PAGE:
Already a Bloomberg.com user?
Sign in with the same account.
Feb. 16 (Bloomberg) -- The share of U.S. mortgages at least one month late declined in the fourth quarter to the lowest level since 2008 as a better job market helped borrowers pay their bills on time.
The delinquency rate for all home loans dropped to 7.58 percent from 7.99 percent in the previous three months, according to a report today from the Mortgage Bankers Association. The rate peaked at 10.1 percent in the first quarter of 2010. It was 6.99 percent in the third quarter of 2008.
The unemployment rate fell for a fifth straight month in January to a three-year low of 8.3 percent. The improving economy is also bolstering housing demand. Sales of previously owned homes rose 5 percent in December from the previous month to the highest level since January 2011, according to the National Association of Realtors.
“The improvements are tied to the improvement in the economy,” Jay Brinkmann, chief economist of the Washington- based trade group, said in an interview. “I think that that the mortgage delinquencies are improving even faster than the overall economy. At least by some measures, the total delinquencies are halfway back to normal.”
The pre-recession average delinquency rate is about 5 percent, Brinkmann said.
The pace of new foreclosures also slowed in the fourth quarter, according to the bankers group. Foreclosure starts fell to 0.99 percent of all loans from 1.08 percent a year earlier.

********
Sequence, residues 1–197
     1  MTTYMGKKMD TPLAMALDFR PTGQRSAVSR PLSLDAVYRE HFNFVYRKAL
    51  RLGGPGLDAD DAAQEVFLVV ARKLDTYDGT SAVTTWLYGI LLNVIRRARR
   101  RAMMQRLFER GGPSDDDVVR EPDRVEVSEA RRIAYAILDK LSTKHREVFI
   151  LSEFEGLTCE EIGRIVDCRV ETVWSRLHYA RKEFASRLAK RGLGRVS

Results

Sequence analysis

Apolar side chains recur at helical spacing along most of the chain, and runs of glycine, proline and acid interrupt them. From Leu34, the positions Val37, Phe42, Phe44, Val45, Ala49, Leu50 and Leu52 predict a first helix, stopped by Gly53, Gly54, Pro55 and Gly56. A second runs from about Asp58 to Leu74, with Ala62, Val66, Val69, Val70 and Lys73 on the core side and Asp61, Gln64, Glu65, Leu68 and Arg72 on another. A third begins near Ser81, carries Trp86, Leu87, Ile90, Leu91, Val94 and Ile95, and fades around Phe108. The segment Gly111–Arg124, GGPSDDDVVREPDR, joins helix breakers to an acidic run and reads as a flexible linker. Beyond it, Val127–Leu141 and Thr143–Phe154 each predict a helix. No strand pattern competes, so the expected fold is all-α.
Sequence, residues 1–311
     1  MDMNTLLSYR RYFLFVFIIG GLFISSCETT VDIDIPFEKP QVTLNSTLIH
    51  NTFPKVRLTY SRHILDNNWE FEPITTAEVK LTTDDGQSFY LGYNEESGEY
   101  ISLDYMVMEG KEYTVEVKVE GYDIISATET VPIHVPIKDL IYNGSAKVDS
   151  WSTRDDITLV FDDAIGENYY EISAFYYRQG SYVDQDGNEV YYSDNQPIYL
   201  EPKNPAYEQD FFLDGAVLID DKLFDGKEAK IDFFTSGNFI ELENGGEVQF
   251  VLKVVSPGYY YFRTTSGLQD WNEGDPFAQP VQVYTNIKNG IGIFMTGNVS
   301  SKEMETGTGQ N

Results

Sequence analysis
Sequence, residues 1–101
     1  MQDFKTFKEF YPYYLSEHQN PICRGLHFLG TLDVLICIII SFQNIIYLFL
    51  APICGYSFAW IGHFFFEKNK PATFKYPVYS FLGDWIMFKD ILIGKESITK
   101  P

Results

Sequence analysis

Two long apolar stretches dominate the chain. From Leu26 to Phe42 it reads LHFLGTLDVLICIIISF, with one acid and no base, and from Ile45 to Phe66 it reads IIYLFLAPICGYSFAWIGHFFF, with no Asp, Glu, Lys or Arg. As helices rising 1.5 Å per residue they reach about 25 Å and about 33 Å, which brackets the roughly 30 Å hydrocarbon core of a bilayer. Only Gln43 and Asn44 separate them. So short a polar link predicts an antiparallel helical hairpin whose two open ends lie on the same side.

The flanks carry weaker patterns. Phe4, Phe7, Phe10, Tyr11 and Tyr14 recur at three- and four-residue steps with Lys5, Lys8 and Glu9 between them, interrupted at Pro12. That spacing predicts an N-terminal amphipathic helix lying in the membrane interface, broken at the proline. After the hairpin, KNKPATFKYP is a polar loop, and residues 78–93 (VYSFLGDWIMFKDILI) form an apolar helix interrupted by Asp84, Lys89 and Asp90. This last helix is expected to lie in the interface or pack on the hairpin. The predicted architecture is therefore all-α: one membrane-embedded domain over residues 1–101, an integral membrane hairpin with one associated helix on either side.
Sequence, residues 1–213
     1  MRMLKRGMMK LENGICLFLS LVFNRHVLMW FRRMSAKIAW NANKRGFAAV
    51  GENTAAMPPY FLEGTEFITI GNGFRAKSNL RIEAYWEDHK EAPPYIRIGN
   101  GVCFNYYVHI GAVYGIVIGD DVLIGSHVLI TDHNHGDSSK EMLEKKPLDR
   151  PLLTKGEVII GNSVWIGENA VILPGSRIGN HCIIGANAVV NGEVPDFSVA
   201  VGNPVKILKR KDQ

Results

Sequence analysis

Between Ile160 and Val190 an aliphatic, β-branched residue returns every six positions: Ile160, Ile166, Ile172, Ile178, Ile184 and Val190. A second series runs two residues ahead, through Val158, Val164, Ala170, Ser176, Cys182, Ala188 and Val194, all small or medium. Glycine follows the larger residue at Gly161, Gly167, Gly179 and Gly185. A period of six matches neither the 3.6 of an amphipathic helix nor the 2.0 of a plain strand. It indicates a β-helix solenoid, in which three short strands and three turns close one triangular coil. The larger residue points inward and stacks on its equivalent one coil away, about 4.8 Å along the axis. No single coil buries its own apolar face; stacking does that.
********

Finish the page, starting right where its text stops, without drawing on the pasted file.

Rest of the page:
Loans in foreclosure declined 26 basis points from the fourth quarter of 2010, to 4.38 percent of all mortgages. Those more than 90 days overdue -- the point at which lenders usually begin the process of seizing a property -– dropped to 3.11 percent from 3.65 percent a year earlier.
Banks cut back on foreclosures more than a year ago after state and federal regulators began investigating abusive mortgage practices. A $25 million settlement with the top mortgage lenders over the use of faulty paperwork in foreclosures was announced last week.
--With assistance from Kathleen M. Howley in Boston. Editors: Christine Maurus, Steven Crabill
To contact the reporter on this story: Prashant Gopal in New York at email@example.com
To contact the editor responsible for this story: Daniel Taub at firstname.lastname@example.org